Bale National Park.

The juniper forests, endemic flowering plants, rare mammals and bird species found in the half century-old Bale Mountains National Parks are facing threats from growing human encroachment into protected areas.

New settlements are expanding into the Park, especially from Rira Kebele, a community made up of 672 households located deep inside the forest area. These settlers cultivate the lowlands during the growing and harvest seasons, keep their cattle on higher grounds to graze and move their livestock into wooded areas during the dry seasons.

Bale National Park.

The residents of Rira are growing in population, claiming more of the natural habitat to build homes, clear the vegetation cover for farming and herd cattle. Evidently, the settlers are not considered to be illegal since Rira is an officially recognized kebele, a lower administrative unit in the Oromia Regional State, has an annually stipulated budget, a school, a health centre and a police station.

The park, which is the headwater area for 40 rivers including the Sheble, serves as a source of water supply for around 13 million people. Officials say there is little they can do about the settlements. This is because the government has not provided alternate plans to relocate the inhabitants away from the park.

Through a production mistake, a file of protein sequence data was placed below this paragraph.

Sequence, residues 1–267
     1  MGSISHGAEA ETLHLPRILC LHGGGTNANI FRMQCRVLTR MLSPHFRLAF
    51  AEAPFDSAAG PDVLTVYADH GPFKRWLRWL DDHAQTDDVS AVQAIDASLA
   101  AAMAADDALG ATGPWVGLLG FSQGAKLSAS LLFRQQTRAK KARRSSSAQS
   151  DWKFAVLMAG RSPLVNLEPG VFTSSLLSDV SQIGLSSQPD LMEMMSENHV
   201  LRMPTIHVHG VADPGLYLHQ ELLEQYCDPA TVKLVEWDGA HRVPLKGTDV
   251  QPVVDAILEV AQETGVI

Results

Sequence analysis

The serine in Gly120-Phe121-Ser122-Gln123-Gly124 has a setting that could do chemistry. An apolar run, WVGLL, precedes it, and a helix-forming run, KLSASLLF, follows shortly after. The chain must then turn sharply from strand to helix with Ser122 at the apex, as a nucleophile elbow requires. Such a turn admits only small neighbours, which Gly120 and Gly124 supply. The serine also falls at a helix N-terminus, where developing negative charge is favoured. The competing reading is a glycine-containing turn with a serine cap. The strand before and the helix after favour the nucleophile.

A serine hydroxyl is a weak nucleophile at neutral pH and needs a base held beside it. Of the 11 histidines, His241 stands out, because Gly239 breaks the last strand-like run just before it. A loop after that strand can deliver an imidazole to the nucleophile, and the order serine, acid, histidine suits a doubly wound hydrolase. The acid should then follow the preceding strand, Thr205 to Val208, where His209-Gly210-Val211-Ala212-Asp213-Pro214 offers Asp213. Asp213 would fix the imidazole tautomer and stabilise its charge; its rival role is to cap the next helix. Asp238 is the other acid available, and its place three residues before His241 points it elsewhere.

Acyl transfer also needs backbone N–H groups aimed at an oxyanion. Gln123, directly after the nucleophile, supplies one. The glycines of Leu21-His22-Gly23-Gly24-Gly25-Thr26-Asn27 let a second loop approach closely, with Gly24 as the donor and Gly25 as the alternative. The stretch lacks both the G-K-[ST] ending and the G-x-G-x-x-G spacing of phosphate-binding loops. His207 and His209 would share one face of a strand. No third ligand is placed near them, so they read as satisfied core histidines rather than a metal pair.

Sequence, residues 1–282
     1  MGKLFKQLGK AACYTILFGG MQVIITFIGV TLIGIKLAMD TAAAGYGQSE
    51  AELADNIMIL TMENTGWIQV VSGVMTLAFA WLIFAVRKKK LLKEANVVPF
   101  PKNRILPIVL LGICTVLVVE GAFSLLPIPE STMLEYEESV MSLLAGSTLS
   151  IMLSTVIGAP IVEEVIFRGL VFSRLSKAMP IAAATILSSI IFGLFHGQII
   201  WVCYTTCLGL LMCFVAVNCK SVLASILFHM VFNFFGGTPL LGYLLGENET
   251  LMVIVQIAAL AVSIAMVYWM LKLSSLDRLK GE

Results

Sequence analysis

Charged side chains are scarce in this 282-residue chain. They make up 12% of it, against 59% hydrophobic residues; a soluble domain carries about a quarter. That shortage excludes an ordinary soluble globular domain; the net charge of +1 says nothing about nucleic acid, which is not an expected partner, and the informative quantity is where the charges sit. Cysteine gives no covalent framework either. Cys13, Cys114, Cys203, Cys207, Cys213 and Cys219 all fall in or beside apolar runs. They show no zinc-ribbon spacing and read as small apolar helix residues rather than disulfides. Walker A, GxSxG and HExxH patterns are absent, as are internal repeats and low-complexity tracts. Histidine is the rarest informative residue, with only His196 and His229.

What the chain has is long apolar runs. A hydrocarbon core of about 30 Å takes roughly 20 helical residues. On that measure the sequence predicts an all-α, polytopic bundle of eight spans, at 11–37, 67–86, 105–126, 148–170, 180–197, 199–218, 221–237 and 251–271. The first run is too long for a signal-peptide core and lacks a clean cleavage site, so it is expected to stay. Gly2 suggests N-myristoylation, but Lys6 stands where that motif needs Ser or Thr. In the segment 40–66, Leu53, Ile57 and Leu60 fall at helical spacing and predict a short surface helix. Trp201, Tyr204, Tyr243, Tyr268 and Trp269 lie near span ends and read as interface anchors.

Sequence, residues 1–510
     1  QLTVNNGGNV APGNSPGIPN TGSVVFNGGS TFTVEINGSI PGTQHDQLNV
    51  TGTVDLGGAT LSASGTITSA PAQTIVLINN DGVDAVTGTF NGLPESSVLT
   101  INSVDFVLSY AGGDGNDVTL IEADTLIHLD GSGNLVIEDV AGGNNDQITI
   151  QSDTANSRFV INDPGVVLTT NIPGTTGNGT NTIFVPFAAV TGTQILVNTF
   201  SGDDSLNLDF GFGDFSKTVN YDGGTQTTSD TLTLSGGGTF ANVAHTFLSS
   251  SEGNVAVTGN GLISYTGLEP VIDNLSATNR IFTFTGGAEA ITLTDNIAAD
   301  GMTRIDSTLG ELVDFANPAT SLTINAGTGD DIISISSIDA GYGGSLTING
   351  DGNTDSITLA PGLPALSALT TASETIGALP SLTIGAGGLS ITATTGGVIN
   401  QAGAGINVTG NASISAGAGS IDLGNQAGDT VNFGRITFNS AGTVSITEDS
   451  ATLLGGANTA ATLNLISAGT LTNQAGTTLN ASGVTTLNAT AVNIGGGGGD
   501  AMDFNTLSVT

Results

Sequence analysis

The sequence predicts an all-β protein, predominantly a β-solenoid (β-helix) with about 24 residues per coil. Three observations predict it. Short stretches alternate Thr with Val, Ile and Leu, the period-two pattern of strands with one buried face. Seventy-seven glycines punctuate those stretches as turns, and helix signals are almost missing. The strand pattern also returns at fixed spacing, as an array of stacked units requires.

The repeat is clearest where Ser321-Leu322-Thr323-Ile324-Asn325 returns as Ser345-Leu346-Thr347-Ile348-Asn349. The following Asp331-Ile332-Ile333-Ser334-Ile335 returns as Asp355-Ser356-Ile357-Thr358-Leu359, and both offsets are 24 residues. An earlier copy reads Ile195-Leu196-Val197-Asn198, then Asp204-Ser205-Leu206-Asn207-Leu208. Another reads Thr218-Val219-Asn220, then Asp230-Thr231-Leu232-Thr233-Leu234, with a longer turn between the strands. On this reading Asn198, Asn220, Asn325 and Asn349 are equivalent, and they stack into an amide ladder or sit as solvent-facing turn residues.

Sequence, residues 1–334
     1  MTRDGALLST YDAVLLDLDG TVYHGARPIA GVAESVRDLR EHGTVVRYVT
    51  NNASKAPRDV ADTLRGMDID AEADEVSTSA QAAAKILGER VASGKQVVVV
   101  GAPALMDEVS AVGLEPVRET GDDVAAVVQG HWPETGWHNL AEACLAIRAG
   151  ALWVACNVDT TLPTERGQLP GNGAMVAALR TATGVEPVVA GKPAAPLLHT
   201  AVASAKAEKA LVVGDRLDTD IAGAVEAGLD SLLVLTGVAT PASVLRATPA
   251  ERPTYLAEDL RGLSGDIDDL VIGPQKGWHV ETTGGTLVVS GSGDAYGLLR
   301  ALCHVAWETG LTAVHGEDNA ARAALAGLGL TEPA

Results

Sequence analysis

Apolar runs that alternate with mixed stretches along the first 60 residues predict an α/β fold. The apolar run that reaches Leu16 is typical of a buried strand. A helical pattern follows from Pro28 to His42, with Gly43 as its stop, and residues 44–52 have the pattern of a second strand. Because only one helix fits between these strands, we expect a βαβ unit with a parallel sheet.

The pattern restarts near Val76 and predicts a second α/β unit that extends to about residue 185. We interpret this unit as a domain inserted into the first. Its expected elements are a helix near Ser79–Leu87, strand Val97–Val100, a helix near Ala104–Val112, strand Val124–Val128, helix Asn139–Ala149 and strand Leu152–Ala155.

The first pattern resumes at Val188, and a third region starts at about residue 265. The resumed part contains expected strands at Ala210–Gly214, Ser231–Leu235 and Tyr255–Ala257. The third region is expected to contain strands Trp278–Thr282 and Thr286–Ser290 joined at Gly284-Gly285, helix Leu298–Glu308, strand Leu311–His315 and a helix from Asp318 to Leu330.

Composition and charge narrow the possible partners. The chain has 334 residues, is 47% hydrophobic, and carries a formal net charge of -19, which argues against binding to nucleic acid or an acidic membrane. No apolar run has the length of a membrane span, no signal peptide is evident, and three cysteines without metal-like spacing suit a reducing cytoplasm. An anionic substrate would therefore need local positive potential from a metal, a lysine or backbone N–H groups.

Experts believe that there needs to be an urgent intervention to the problem by reaching consensus to relocate the residents as well as help them find alternate means of livelihoods to farming.

The community of Rira believes that they are part of the forest ecosystem and they are doing their part to protect the natural habitats by removing the understory and keeping the canopy trees in place. They are also not holding their breath for a solution to come from the government.

“The only reason officials come to us is to tell us to stop farming the area,” Keaye Haji Kasim, administrator of Rira Kebele, told Fortune. “Even the school we have was built during the Dergue regime.” You can read the full story here.

You can read the full story    here    

PUBLISHED ON Jan 12,2019 [ VOL 19 , NO 976]

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